TBR: Financial Giants Get IT And Plan To Do More With It

While it will only represent a modest 2% increase, North America’s largest financial institutions – commercial and savings banks, financial transactions processing firms, insurance, credit unions, and reserve and clearinghouse services – plan to shell out $73.8 billion on IT improvements across software, hardware and professional services in 2014 as they transition investments from “run the bank” to “change the bank,” according to TBR’s Banking and Financial Services SourceIT report. The survey of 201 organizations – 950-plus employees with $1 billion-plus in assets – that account for 20% of the IT opportunity in the financial segment, found that large banking organizations are increasing investment in multichannel banking and data management to improve system performance to ultimately meet customer demand for improved service and an enhanced user experience, said Senior Analyst Allan Krans, Technology Business Research.

IT is clearly becoming more strategic for financial services companies, helping them maintain the status quo and acting as an accelerator for strategic business shifts, said Krans. Although budget increases are modest, we see strong commitment and funding for IT projects that positively impact the customer experience occurring during the next 18 months.

TBR conducted the survey because the technology market research and consulting firm saw a gap in terms of sizing the overall market, understanding what are some of the more granular views into decision making process, and how IT vendors can take advantage of this opportunity, he said. “Not only were they very aggressive buyers, but there were a lot of touchpoints within the organization.”

From a priority perspective, TBR was a little bit surprised by the focus on how things had changed in the business model. “There is extremely tight integration between the IT roadmap and what the organization intended to deliver (service-wise). I think IT would be more strategic than in many other industries.”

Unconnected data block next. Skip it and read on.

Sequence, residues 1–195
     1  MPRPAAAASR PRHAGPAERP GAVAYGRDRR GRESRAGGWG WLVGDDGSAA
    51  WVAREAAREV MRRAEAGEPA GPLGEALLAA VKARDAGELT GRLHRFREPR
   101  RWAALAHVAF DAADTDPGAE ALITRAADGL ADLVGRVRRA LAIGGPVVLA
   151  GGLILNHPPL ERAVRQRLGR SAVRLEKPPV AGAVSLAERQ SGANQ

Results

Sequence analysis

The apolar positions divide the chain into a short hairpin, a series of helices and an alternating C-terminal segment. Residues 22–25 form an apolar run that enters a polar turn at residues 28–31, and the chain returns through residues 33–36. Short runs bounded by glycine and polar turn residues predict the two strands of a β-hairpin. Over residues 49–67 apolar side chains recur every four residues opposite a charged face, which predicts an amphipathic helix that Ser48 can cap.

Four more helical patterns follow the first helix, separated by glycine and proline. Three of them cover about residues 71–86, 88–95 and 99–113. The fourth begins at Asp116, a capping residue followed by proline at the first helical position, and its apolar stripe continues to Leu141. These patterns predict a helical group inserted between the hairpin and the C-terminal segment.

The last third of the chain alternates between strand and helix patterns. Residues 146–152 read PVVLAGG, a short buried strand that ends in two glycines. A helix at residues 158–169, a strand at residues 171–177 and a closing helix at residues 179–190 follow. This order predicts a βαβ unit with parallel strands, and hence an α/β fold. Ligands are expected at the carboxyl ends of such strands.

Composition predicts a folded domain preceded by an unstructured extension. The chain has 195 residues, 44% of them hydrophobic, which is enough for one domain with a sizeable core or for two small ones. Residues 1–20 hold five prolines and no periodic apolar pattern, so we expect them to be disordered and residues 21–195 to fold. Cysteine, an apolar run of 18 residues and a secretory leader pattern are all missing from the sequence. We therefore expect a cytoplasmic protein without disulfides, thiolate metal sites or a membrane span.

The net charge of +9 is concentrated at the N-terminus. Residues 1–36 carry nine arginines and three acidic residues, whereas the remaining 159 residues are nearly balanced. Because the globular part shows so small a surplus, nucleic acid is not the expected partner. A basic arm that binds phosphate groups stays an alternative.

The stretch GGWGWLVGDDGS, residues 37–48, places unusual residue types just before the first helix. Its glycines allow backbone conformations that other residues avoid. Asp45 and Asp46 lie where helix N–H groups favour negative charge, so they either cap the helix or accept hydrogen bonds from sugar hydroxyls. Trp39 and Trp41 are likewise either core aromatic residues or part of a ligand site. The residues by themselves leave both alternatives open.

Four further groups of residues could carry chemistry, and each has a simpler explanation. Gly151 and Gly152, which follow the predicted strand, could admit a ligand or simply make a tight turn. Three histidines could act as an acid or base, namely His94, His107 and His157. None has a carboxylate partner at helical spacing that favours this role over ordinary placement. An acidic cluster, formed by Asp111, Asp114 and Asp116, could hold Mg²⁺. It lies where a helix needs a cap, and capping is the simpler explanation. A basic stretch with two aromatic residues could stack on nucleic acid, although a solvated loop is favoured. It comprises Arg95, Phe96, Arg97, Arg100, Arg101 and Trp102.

There is also deeper level view of IT, and how close it is to their core business, said Krans. The decision-making process is also really distributed throughout the business, he added.

“If you think about the adoption curve for new technology, we found financial services as a whole are ahead of that curve than other industries. We saw that in BI/analytics (a separate study)… they were leaders in terms of implementing predictive analytics, data mining as well as some of the more advanced approaches.”

The 2% increase is consistent with Gartner’s predictions (for 2013), but less than half of IDC’s forecast for IT spending increases (4.9%). Krans said the 2014 budgets probably reflected the economic environment while they were collecting that data, but that has improved since. Secondly, this segment has already made some significant investments in things like BI and mobile online banking, so a lot of the groundwork is already laid. Thirdly, they’re looking at increasing efficiencies within IT, so they’re able to allocate more money to those initiatives.

He believes large financial institutions are also ahead of the curve when it comes to the split between discretionary and non-discretionary resources, which are most frequently quoted as being 70-80% of IT budgets being locked down on just keeping existing operations going. Rather than the 20-30% that is the market norm, this segment has already shifted approximately 40% to discretionary resources, said Krans.

Looking ahead, he said this segment will continue to focus on delivery methods, both internally and increasingly by way of private cloud. The investment to go that way is significant, but he is seeing large institutions look to leverage the private cloud at scale and reduce expenses. Also expect to see a lot more emphasis on online mobile capabilities. “We’re going to see a lot more marrying of that with analytics… with promotions and targeted marketing.”

The survey covered:

-budget plans, decision drivers and vendor relationships across the enterprise software landscape;

-industry applications, back-office business applications, productivity, BI and analytics, database and middleware, systems management and security; and,

-more than 35 vendors, including ADP, Dell, EMC, Equifax, Fair Isaac FICO, HP, IBM, Microsoft, Oracle, Salesforce.com and SAP.


Author: Steve Wexler

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